Would it immediately be more difficult to breathe? Would the air molecules affect him differently? Would regular-sized bacteria around him effect him more harshly? Would everyday sounds become painful to his inner-ear?
Immediately: he would not be able to breathe (normal size oxygen is not good). By the same token, air pressure is now a billion times smaller - he's in high vacuum, and dies of decompression (with miniaturized oxygen and nitrogen boiling out of the blood and causing embolisms) within a few seconds. If he instinctively tries to hold his breath, he'll die much faster of a pulmonar rupture.
Immediately: he can no longer see. His retina is now sensitive to a real-world wavelength 2744 times shorter, at the border with X rays. Without an X-ray source to illuminate his surroundings, he's in the dark. Conversely, the infrared radiation he emits is now 2744 times more energetic and becomes hard ultraviolet; he becomes a millimeter-sized sterilizing lamp.
Almost immediately: his surroundings should feel "sticky", with Van der Waals forces anywhere from 2744 to 7.5 million times stronger depending on atomic interactions.
In a few moments: his body would continue generating the same heat as before, about 100-200W. But now he has to shed it from a surface which is thousands of times smaller. If his height is reduced by a factor of 143, his surface is now almost eight million times smaller, and its equilibrium temperature must increase by the fourth root of 7.5M, from around 300K to 15600K - which is around 15330 °C. Or more, since that formula accounts for radiative cooling while a human body is mainly cooled by atmospheric conduction and evaporation. According to an alternate interpretation of the theory, heat is now unable to escape from his body towards the environment, either from skin or airway water evaporation, which means that he'll quickly cook alive. His body temperature will exceed 43 °C within twenty-thirty minutes, at which point death by hyperpyrexia occurs; decomposition will raise it further somewhat, not that he'll care anymore. The increase in temperature may bring his body radiation into X-rays or even soft gamma range, and instead of a small sunburn his micro-corpse can now bequeath bone cancers.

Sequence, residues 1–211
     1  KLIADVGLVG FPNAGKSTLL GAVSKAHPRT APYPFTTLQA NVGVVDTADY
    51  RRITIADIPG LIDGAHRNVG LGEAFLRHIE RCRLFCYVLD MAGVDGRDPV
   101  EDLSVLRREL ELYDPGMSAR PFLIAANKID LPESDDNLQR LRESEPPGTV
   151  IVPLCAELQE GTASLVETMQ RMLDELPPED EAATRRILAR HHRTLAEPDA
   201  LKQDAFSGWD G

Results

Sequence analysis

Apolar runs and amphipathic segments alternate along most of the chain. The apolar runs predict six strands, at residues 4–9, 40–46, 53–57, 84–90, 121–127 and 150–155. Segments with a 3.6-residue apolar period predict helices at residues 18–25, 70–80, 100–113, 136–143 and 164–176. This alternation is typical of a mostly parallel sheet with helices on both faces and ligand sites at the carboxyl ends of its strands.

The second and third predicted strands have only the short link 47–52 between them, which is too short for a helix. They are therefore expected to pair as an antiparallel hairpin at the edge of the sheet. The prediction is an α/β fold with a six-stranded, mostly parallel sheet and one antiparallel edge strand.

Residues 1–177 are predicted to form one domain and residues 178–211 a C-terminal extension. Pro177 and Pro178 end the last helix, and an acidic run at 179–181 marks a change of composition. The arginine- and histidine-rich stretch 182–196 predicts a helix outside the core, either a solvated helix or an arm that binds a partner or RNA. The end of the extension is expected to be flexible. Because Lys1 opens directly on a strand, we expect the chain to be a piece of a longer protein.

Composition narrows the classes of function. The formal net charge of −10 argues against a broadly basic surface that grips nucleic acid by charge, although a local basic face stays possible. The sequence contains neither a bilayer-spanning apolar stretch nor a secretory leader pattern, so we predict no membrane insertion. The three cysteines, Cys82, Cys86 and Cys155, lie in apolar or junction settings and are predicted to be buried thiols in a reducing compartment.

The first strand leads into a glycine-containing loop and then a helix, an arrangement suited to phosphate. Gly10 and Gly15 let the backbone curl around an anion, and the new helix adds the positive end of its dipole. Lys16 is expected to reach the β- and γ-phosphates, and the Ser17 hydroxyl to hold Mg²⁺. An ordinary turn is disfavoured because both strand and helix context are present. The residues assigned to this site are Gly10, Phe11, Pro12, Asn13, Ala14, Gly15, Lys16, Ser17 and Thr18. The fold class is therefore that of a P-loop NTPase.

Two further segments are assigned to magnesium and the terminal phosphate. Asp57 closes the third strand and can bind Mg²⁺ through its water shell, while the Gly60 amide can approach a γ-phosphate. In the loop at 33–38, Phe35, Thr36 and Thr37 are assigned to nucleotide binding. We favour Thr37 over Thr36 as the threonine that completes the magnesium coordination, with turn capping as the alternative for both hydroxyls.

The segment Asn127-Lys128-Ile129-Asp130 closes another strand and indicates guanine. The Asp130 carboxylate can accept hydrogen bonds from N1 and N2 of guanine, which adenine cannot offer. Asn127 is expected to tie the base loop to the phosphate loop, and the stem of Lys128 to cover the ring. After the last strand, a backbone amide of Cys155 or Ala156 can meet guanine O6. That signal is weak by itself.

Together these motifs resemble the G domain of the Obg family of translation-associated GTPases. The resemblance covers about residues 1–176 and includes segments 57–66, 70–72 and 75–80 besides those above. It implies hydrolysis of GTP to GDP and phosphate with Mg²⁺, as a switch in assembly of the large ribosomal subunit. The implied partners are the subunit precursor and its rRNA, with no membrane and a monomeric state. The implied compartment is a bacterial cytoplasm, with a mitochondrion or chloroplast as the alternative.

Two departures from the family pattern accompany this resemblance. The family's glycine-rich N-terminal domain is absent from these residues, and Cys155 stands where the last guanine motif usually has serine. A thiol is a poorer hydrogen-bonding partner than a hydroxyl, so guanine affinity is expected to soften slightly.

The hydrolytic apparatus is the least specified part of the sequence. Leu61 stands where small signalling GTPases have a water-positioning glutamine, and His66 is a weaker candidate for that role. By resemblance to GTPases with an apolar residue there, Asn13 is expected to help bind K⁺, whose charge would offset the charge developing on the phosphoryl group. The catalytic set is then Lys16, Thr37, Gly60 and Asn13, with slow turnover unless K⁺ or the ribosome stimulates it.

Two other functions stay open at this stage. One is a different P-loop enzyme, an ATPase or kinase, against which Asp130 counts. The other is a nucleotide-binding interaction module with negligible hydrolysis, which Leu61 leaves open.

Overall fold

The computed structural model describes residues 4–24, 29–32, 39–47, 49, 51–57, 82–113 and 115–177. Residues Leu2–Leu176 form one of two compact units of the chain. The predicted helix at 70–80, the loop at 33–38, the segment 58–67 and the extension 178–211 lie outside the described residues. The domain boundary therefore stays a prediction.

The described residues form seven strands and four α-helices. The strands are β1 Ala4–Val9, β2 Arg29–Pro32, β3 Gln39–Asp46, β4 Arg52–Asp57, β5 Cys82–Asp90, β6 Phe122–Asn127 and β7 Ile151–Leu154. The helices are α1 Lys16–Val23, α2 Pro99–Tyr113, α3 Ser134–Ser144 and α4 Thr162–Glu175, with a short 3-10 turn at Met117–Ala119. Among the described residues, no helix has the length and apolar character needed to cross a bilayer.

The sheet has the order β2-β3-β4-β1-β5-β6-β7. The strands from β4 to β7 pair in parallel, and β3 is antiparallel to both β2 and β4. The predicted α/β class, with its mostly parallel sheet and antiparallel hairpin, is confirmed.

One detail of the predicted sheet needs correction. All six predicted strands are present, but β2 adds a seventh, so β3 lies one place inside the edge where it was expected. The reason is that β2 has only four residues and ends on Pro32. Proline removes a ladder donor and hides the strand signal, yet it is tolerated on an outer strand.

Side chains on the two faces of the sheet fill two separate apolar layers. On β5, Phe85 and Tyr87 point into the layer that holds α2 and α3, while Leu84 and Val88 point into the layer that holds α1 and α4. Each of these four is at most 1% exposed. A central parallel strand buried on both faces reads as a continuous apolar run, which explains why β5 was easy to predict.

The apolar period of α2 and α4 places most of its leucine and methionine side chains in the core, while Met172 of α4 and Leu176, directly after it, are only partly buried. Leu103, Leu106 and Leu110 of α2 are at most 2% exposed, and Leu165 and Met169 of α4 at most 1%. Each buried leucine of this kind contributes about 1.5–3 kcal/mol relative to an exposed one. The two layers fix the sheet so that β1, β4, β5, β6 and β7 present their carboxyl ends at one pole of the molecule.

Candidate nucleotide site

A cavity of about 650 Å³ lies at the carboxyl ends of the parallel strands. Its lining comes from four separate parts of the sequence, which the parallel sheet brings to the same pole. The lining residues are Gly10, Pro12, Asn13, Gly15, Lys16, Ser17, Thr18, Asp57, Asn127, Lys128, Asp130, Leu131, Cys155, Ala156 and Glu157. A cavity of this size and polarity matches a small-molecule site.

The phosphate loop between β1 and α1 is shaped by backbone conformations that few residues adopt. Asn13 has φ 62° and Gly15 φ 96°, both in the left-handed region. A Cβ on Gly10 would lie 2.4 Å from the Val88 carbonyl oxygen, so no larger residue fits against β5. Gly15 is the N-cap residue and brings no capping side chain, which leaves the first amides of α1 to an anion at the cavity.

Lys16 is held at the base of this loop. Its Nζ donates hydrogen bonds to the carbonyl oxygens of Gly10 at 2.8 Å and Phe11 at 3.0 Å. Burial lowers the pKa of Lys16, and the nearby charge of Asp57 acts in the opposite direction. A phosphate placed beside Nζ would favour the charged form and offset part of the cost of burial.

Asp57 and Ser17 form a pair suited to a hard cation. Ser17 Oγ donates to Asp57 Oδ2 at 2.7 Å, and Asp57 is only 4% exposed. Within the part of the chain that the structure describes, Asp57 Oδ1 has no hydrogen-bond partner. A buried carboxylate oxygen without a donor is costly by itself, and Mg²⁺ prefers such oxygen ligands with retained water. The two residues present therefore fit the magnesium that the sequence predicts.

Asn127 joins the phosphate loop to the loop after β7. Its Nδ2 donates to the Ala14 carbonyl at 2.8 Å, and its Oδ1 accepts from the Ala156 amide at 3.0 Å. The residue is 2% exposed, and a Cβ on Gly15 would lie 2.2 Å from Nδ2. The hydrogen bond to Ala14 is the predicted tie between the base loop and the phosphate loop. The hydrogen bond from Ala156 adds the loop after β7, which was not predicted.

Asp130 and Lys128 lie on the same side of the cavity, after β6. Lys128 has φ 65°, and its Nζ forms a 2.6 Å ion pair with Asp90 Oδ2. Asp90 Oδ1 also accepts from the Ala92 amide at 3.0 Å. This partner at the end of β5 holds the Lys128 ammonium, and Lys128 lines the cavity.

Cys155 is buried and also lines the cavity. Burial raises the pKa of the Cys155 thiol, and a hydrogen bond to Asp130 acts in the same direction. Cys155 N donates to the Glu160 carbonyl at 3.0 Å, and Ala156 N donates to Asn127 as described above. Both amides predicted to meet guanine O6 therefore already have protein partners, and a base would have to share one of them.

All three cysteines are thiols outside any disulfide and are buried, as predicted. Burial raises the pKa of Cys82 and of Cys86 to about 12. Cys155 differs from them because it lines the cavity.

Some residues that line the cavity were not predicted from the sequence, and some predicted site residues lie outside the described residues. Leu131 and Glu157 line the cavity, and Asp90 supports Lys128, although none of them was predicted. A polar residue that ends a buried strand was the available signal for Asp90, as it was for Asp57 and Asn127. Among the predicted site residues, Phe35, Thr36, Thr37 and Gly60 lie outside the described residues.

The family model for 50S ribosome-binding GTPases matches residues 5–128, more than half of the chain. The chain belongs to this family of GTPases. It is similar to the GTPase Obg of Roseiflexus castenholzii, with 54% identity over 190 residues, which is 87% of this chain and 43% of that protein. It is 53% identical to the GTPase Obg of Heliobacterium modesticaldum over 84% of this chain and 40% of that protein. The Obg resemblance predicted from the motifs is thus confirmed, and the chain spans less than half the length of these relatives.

Possibly: his body surface has a greater atom per square real millimeter ratio of anything nearby, and any electrostatic surface charge now exerts an invincible attraction on matter. He'll quickly be swamped in dust, grit and dirt from the ground unless he uses some kind of antistatic metal jumpsuit with internal capacitors.
Possibly: the electrons emitted by the body have the same charge as a normal electron but have a Coulomb repulsion radius which is now negligible (charge/volume ratio has increased enormously). Most positive ions happening to float nearby therefore undergo catalysed nuclear fusion, adding macroscopic havoc of unknown proportions (possibly insignificant, but I wouldn't bet on it) to the already considerable microscopic mess.